Which is why, like the women’s movement, the campaign for gay rights tends to focus on elite interests. Wedding announcements reported in the New York Times indicate social status. It’s very telling that gay affiances are featured far more often than the matrimonies of black men and women. Undoubtedly this disproportion reflects an editorial desire to advance the cause of gay marriage. But perhaps the more powerful factor is that gays and lesbians are in fact very well represented in the upper reaches of society. In this respect, today’s campaign for gay rights isn’t at all like Thurgood Marshall’s efforts at the NAACP more than half a century ago.

In other respects, however, the homosexual movement makes a strong claim to the Selma Analogy. There are debates about strategy and tactics today, as there were in the civil-rights movement during the 1950s and ’60s. But homosexual men and women are ­largely united behind the leadership of the gay-rights movement. Up to this point there has been no gay equivalent to Anita Bryant. (That may be changing. In France, marches against a law allowing gay marriage had among its leaders gay activist Xavier Bonigbault. Here in the ­United States, self-described bisexual Robert Oscar ­Lopez, who was raised by his mother and her lesbian partner, has become an outspoken critic of LGBT orthodoxies.)

For the most part, homosexuals have remained unified because, like black Americans, gays and lesbians (and especially people in the “trans” categories) have felt and continue to feel acutely vulnerable. Surely experiences of crude anti-gay sentiment contribute. But this enduring vulnerability also stems from the nature of homosexuality itself. Traditional morality encourages us to think of homosexual desires as perverted and homosexual acts as immoral. In an important sense, these judgments, no matter how politely expressed, pose a powerful existential threat. Even as I write the words “perverted” and “immoral,” I can hear the chorus of outraged reaction: Irrational animus! Homophobia!

The existential threat to gays and lesbians posed by traditional morality may be greater than the harm that racist attitudes cause blacks. Marcus Garvey could encourage people to kick the racist dust of America off their feet and emigrate to Africa. James Baldwin could retreat to Paris. There was something reassuring in knowing that America’s racism was peculiar rather than universal. But there’s no place other than the post-Christian West where gays and lesbians are affirmed as gays and lesbians. The moral law is written on the Gentile’s heart, as St. Paul puts it. As a consequence, all of us—including gays and lesbians themselves—have a sense that there’s something right about traditional sexual morality. It’s very painful when an internal voice whispers assent.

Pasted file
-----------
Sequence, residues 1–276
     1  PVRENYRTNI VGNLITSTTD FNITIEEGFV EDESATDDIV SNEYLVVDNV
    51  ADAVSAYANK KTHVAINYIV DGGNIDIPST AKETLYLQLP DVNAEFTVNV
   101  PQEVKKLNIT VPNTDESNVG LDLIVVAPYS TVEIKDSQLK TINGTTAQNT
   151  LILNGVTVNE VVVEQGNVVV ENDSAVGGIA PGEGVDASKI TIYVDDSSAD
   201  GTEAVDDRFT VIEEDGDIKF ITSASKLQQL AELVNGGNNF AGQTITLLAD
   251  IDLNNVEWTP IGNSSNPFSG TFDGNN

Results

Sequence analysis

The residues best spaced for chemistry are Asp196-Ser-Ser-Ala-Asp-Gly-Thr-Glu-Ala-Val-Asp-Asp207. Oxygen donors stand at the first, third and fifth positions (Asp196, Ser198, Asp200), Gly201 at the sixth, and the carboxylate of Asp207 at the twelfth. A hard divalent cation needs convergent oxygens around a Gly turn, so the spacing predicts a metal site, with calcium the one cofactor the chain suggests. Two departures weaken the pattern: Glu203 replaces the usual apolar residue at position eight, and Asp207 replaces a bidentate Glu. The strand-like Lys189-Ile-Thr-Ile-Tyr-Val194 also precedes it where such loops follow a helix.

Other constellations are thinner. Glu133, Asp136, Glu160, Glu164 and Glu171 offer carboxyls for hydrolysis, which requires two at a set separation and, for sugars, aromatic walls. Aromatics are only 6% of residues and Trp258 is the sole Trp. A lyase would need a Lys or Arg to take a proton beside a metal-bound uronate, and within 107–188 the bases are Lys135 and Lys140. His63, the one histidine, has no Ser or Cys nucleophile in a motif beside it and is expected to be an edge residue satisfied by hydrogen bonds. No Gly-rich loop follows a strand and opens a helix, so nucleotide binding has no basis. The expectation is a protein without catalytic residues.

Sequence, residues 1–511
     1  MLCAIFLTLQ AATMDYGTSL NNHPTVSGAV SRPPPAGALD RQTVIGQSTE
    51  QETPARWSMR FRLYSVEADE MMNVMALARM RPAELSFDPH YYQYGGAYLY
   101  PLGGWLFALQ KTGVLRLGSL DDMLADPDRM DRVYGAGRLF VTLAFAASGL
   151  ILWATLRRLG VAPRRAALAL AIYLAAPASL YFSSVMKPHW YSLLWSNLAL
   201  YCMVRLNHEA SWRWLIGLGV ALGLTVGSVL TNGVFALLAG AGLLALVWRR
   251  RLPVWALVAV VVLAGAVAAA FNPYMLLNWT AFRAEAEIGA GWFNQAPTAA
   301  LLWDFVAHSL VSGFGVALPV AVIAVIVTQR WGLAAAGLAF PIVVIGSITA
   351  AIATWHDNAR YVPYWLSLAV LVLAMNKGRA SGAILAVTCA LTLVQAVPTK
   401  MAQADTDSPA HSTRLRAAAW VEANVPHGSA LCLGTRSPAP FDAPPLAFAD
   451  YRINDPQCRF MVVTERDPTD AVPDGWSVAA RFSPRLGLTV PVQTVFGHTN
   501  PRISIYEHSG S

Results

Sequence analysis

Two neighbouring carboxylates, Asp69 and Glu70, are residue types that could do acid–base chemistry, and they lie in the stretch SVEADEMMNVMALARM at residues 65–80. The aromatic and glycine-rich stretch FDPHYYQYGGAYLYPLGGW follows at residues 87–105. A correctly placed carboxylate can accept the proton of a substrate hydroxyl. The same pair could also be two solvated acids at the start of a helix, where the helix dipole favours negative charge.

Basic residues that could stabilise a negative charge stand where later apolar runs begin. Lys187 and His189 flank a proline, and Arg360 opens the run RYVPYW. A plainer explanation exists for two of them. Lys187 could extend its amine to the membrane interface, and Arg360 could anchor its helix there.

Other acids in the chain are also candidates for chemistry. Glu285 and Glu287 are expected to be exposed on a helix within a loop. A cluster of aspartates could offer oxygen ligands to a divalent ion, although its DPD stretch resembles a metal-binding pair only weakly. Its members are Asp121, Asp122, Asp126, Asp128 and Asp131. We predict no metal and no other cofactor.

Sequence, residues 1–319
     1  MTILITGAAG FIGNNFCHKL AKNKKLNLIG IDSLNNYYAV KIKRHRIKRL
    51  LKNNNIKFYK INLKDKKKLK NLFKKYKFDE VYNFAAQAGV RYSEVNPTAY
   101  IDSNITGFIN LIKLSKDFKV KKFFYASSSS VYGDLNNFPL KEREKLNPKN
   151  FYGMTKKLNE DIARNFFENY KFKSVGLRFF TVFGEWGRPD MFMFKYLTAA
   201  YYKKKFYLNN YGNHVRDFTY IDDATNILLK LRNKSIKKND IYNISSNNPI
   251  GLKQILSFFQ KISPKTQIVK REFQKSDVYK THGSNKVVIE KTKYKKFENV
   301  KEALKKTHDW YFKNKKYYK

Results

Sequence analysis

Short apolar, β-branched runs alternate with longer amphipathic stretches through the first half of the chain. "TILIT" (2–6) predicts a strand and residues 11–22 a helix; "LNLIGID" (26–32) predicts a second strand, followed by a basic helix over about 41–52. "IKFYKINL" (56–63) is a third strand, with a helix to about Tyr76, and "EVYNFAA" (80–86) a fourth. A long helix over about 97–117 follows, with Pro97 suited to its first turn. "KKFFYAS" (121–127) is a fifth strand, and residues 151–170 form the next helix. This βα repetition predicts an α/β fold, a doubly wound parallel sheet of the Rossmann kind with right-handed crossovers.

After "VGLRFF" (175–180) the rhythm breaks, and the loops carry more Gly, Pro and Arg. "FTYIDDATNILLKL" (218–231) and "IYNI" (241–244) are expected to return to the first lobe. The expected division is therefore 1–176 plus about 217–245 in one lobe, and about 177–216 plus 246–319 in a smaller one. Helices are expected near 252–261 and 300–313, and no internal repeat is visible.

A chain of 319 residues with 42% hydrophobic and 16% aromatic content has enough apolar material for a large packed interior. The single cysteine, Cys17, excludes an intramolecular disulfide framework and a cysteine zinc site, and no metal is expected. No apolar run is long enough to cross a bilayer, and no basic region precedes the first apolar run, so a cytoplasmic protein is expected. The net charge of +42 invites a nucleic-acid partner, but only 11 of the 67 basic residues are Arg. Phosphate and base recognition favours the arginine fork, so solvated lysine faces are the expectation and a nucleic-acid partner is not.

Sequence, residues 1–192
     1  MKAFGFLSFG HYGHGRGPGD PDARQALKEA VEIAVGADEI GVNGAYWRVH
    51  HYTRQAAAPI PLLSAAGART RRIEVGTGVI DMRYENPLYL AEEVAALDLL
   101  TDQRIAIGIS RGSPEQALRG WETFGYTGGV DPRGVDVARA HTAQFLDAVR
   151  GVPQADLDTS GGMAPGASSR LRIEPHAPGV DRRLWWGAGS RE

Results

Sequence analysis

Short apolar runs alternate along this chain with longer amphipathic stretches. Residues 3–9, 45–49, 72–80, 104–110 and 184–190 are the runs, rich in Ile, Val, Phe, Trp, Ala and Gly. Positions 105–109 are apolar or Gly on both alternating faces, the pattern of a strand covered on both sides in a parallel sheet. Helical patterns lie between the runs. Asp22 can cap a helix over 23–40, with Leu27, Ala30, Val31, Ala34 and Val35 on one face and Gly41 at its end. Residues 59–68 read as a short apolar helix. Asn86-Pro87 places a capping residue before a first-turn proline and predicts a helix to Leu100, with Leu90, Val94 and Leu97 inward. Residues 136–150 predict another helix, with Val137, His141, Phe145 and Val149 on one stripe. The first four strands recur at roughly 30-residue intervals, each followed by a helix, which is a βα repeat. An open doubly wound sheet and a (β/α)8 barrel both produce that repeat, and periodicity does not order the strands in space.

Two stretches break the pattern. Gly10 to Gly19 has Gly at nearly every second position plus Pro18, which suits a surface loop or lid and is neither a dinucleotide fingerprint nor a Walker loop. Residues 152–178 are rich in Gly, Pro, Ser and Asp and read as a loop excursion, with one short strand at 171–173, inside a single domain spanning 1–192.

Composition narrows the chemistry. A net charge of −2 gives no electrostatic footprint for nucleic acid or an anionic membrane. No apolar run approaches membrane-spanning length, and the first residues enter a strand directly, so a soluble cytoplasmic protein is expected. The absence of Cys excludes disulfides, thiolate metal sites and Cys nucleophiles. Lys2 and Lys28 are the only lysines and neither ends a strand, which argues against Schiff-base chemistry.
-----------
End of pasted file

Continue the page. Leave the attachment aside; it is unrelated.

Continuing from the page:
The New York Times recently published an op-ed illustrating the existential vulnerability felt by homosexuals. Jean Mills and Carol Eichelberger of Tuscaloosa allow that their neighbors treat them well. There are no separate water fountains. They don’t have to sit in the back of the bus. They were never threatened, never spat upon. On the contrary, they report living amid kind and courteous neighbors. But the 2006 election in Alabama featured an amendment to define marriage as the union of a man and a woman. They felt discriminated against by the fact that a local church publicly encouraged its members to vote for the amendment. “It was a personal, painful reminder that we were not to be thought of or treated as equals.”

Mills and Eichelberger’s experience is typical. I doubt that a fair-minded researcher could find clear statistical evidence of significant discrimination against gays and lesbians in employment, housing, and other areas targeted in Beyond Marriage Equality. A 2012 survey sponsored by Prudential found that gay and lesbian households reported much higher income ($61,500 as compared with the national average of $50,000), lower debt, and higher rates of employment than did the rest of the population. These aren’t exactly signs of systematic discrimination.

And yet we don’t need to be convinced that young people with homosexual desires who grow up in conservative Christian churches can feel an acute existential despair. Or that quite confident homosexual adults with professional careers and high social standing are stung when their sexual lives are described as unnatural and sinful. For this reason, the Selma Analogy resonates.

The relative lack of real discrimination combined with a powerful sense of urgency means that Beyond Marriage Equality is very likely to be followed up by Beyond ­Nondiscrimination. We will be required to affirm and endorse. We will be obligated to drown out, with a chorus of affirmation, the voice of conscience that makes gays and lesbians so existentially vulnerable. The goal, then, will be to stamp out “homophobia.” This means a campaign against a “culture of homophobia.” Which means a culture war against Christianity, Judaism, Islam, and every other religion and traditional morality.